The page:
“We want the employer to do what it takes to get the employees to self-identify and self-refer, and de-stigmatize the working environment” through means such as education, newsletter articles, discussions, basic cheerleading and encouragement, Lyles said. He envisions a workplace PR campaign something along the lines of ‘Got Depression?’ as a takeoff on the ‘Got Milk?’ campaign for milk.

“People actually do have a marked increase in self-referral,” in conjunction with such workplace awareness campaigns, Lyles said.

“They suspect themselves or look across the table at their buddy and say, ‘You seem down; are you feeling OK?’”

‘Everybody loses’

At any given time, despite the access to mental health services, parity in insurance coverage and wider visibility of mental illnesses, 10 to 20 percent of the workforce has an undiagnosed mental illness, Lyles said.

But instead of referring problem employees to counseling or treatment, employers often just fire them.

“Most organizations have an HR procedure whereby they give you a verbal warning and two written warnings…and then you are out,” Williams said.

Bergman counseled someone who lost a job due to depression and trauma suffered upon seeing the suicide of a sibling.

“That is why it is so important for the employee to get the help they need,” Bergman said. “If you are depressed and you lose your job, guess what? You are even more depressed, and people start to question their value and whether they want to live.”

Because depression is an intermittent condition, it’s not something that employers can screen for. And symptoms can range from general grumpiness to fatigue, so colleagues looking for depression as the cause might not find it.

“You hire them and everything is fine and then all of a sudden, they start irritating other coworkers, not showing up for work, having poor performance,” Williams said. “When this happens, management has to do something, and their approach has been not to get to the root cause of why the person is suddenly not showing up, but to invoke the policy of one verbal and two written warnings and out the door. You have invested all this time and money in this person and everybody loses.”

Having to fire an employee isn’t necessarily easy for the employer, either. It’s usually a multi-step process that involves paper trails and procedure; plus, retraining and re-hiring take time, money and effort, too.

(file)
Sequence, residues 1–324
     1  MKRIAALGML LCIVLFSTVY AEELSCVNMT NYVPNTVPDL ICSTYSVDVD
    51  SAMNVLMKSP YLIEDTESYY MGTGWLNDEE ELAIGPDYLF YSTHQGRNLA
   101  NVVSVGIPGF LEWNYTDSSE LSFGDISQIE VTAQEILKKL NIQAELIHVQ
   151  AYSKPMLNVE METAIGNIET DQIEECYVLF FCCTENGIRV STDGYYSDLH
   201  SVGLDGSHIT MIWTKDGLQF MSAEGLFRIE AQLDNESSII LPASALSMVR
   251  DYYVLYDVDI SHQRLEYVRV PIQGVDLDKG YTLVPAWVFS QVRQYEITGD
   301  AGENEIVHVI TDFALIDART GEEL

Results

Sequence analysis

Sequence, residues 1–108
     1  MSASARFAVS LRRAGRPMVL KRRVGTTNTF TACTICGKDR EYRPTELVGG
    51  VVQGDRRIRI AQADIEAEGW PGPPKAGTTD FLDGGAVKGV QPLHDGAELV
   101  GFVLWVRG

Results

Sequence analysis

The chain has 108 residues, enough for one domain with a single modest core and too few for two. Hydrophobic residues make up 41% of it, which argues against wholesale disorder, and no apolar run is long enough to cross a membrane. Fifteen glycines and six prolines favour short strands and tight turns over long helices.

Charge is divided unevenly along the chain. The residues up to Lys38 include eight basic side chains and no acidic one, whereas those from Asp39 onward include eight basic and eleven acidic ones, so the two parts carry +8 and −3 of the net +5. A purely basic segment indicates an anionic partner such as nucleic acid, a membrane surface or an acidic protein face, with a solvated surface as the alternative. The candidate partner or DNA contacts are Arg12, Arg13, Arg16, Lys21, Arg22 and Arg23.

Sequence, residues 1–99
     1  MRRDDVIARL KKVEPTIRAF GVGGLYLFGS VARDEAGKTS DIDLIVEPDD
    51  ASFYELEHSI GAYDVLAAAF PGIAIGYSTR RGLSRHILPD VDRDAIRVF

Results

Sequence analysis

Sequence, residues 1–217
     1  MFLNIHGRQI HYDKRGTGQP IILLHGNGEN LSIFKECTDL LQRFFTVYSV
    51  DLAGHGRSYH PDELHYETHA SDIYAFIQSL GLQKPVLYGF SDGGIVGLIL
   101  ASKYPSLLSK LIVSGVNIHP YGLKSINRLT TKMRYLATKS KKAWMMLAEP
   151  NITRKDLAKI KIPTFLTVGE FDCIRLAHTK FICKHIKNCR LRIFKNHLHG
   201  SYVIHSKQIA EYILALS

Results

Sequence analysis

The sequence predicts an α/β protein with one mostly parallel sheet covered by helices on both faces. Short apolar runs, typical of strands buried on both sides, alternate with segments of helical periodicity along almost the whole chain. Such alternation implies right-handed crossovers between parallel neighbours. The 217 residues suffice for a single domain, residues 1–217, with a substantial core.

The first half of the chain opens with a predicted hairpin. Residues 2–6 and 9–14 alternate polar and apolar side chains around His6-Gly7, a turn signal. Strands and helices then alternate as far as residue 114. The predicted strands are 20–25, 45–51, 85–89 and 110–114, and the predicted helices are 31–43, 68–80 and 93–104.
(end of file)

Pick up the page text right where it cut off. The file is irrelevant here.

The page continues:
Bill Kime of Menasha Packaging Corp. has had decades of experience leading large plants, most of which used the “progressive discipline” method of handling difficult employees.

Two severely depressed employees stand out in his memory. One was found with a bottle of liquor and a .45 handgun. “He did not succeed in committing suicide but he came close,” Kime said. The employee eventually never showed up for work. “We lost one of our best first-line supervisors.”

The other employee, a talented programmer, was going through marital problems and became distraught after finding his wife with another man. “He slowly spiraled into deep depression, and his work suffered,” Kime said. The company had to terminate the programmer. “This is a position that is very difficult to replace – we never recovered from the loss of his genius in programming.”

Had there been an awareness campaign in those workplaces, things might have turned out differently, said Kime, who’s become active in helping Diagnostic Organization promote its cause.

“If you know the warning signs, rather than giving verbal and written warnings and then firing, you would look at the (employee) and say ‘This isn’t normal for this person,’” Williams said. “We want employees to recognize these things in themselves and their families.”

A heart-felt effort to remove stigma

The American Heart Association successfully educated the general public about heart attack symptoms and the need for routine blood pressure screenings via its “high blood pressure as the silent killer” series of public addresses several years ago.

The same can be done for mental illness, say mental health advocates.

“The main thing is public education,” Lyles said. “What I am recommending is no more, no less than what we have done with blood pressure screening and persuading people to get evaluated.”

As with medical conditions such as diabetes and hypertension, environment and biology play roles in mental illness, Bergman said.

“Even though there are environmental bases for a lot of mental illnesses, in terms of whether there have been things like abuse and trauma and certainly high levels of stress that are at the root of them, there is a biological component, and there has been much research that shows the genetic link between depression and ADHD and a lot of other mental health disorders that show the biological component,” Bergman said. “Much like diabetes, there is a biological component and an environmental component as to are you keeping your weight down. It’s the same with mental health.

“I would like to get to the point where there is no more stigma to depression than there is with diabetes.”

Lee Reinsch writes and edits from Green Bay.